http://dangerousmusic.com/media/compressor-product-photo-rear.jpg




Paul999 Mon, 01/06/2014 - 22:04
If I understand you correctly Boz the oversimplified Coles notes version of what your saying is: A null test will show if calculation errors are happening. Also that calculation errors are likely to happen when your computer is taxed beyond a certain point. And that it is resonable that the 200+ plugs plus 20 tracks was a resonable load in my experiment.

Your further point is that issues inherent in ADDA conversion will be causing much more havoc then any of this computer error business we've been torturing for 3 pages.

If I've got it right it makes perfect sense to me and I can't find an issue in your methodology.

kidtesla Mon, 01/06/2014 - 23:34
audiokid, post: 409503 wrote: This is an interesting read as well. And don't forget, not all of us who use the word analog are talking about tape either.
[="http://en.wikipedia.org/wiki/Comparison_of_analog_and_digital_recording"]Comparison of analog and digital recording - Wikipedia, the free encyclopedia[/]="http://en.wikipedia…"]Comparison of analog and digital recording - Wikipedia, the free encyclopedia[/]

Thanks for posting this! ...I've been looking for references to this part of Dr. Diamond's work for decades.
"Dr [[url=http://="http://en.wikipedia…"]John Diamond[/]="http://en.wikipedia…"]John Diamond[/] 1980 article Human Stress Provoked by Digitalized Recordings"
[[url=http://[/URL]="http://web.archive…"]The Diamond Center: Digital stress[/]="http://web.archive…"]The Diamond Center: Digital stress[/]

Boswell Tue, 01/07/2014 - 03:18
Paul999, post: 409528 wrote: If I understand you correctly Boz the oversimplified Coles notes version of what your saying is: A null test will show if calculation errors are happening. Also that calculation errors are likely to happen when your computer is taxed beyond a certain point. And that it is resonable that the 200+ plugs plus 20 tracks was a resonable load in my experiment.

Your further point is that issues inherent in ADDA conversion will be causing much more havoc then any of this computer error business we've been torturing for 3 pages.

If I've got it right it makes perfect sense to me and I can't find an issue in your methodology.
Pretty much, yes, Paul, especially as I think the computer error discussion is a completely separate issue.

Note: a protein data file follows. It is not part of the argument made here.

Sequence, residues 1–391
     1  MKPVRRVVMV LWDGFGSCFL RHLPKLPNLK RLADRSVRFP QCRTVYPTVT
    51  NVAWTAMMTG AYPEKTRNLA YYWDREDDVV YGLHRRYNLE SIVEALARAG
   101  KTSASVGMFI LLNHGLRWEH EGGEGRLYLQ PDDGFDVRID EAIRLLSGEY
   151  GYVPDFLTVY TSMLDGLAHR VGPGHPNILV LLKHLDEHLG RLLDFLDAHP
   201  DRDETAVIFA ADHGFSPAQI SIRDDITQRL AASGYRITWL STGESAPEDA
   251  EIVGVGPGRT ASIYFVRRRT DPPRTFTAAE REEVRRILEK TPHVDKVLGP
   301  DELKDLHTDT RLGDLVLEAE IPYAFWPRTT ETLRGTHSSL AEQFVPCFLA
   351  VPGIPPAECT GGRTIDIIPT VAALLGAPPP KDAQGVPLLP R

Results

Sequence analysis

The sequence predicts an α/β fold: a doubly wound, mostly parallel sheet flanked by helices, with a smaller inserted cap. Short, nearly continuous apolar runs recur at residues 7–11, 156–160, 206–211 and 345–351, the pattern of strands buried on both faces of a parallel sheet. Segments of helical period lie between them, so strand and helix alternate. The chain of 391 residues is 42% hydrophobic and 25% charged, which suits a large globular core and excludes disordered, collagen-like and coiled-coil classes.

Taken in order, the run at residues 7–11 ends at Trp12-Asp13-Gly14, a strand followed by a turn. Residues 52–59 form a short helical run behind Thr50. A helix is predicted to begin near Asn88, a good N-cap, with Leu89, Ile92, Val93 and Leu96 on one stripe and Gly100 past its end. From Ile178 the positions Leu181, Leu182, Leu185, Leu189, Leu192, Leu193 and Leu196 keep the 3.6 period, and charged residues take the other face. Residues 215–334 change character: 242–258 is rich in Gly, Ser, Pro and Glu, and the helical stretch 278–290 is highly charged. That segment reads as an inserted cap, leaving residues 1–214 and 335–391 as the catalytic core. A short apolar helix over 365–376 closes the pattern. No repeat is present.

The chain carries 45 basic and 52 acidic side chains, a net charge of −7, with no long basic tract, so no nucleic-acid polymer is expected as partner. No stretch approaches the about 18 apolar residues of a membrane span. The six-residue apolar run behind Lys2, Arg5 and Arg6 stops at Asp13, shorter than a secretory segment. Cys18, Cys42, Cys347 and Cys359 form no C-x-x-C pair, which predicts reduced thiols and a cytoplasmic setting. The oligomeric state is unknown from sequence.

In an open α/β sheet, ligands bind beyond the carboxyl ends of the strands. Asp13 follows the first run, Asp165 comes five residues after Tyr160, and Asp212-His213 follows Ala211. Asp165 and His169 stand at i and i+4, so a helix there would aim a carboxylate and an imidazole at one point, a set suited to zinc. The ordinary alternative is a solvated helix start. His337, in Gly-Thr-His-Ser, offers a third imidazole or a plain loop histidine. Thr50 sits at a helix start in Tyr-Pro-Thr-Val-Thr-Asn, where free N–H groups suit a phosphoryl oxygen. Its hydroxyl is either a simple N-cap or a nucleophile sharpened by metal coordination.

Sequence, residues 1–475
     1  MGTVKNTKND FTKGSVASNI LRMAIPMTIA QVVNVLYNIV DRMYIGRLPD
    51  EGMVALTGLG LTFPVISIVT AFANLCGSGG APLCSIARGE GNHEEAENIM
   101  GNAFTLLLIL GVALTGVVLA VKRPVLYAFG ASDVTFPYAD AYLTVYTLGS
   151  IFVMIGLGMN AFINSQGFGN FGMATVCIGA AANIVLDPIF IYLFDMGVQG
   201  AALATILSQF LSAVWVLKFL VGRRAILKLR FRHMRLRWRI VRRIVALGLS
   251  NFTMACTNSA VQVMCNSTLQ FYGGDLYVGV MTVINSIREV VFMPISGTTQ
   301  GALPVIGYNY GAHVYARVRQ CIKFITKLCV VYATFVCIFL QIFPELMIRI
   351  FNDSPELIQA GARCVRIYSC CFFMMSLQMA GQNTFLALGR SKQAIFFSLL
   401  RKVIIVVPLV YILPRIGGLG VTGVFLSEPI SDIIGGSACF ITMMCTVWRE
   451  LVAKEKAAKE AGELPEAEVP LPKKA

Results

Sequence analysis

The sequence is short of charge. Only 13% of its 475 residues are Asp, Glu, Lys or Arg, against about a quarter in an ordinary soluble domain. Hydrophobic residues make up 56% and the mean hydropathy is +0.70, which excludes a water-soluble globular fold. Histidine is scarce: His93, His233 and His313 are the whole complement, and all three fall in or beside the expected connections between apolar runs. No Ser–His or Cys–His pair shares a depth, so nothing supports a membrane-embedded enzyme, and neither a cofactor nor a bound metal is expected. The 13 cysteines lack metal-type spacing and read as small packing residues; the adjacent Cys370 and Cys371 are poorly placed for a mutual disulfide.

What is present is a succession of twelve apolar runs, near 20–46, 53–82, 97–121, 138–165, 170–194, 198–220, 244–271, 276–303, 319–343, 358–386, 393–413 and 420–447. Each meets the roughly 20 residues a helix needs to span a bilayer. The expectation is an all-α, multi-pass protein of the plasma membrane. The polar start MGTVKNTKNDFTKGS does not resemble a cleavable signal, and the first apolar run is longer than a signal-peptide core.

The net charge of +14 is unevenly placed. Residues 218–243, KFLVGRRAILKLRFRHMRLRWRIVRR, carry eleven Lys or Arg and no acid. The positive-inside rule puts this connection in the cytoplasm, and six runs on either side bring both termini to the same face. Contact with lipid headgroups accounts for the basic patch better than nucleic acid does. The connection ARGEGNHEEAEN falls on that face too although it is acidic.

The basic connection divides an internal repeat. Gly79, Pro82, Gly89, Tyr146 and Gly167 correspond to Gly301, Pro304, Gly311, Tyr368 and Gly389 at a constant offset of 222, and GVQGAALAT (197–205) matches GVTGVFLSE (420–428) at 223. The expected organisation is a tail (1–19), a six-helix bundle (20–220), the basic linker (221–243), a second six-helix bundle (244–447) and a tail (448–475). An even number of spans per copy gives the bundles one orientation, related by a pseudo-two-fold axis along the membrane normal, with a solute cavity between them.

Any A-D and D-A conversion processes are going to have some of each of errors due to imperfections in the amplitude and timing of the sampling but also "errors" due to signal changes needed to constrain the signal to fit into the finite information content of a digital representation. This means that a signal fed into a perfect A-D and then out of a perfect D-A, but clocked at a real-world sampling rate with appropriate anti-aliaising filters, is going to show differences from the original signal on a nulling test. I'm not saying that these differences are audible as distortion, but they are what they are: differences. Since these differences show mainly in the top octave of the digitised bandwidth, they can be reduced as far as the human ear is concerned by raising the sampling clock rate.

It's still my belief that the actual digitisation errors (in amplitude and timing) cause more of the audible problems than the artifacts attributable to the process of digitisation. As a crude demonstration of this, you can record a highly-harmonic instrument such as an oboe and then randomise the phase of the harmonics relative to the fundamental. On a nulling test, this would result in gross differences between the reconstructed signal and the original, yet the human ear is remarkably insensitive to what has been done to the waveform.

I've said several times in these forums that digital mixing of tracks all recorded at 44.1KHz compounds the top-octave problems. I have also (rather light-heartedly) drawn a comparison with the bedroom-studio technique of recording each track separately using the same one microphone, resulting in the microphone's imperfections being reinforced in the mix.

One experiment I have never done but could do relatively easily when I have time is to use one of my 96KHz HD24XR multitrack recordings replayed via analog and then perform both an analog mixdown with 44.1KHz conversion of the mix and also a digital mixdown where all tracks are digitised at 44.1KHz at the input. It would have to be done with careful matching of the track amplitudes and using no EQ, no dynamics and no effects. It would then be interesting to compare the 44.1KHz results on a listening test, since a null test would not be useful in this case.

JohnTodd Tue, 01/07/2014 - 06:38
I can see errors during playback. I get them when my VST metere pings in the red: I get skipping and stuttering.

But what about during mixdown. On Cubase, that is done off-line, and it takes considerably longer. Surely no errors then, since the computer won't overtax itself? It may max out, but it doesn't have to "drop" anything to keep the speed up.

Maybe I've lost what we are talking about? I'm primarily an artist with a good ear. Some of the highly technical stuff is beyond me at this point. I'm learning, but not there yet.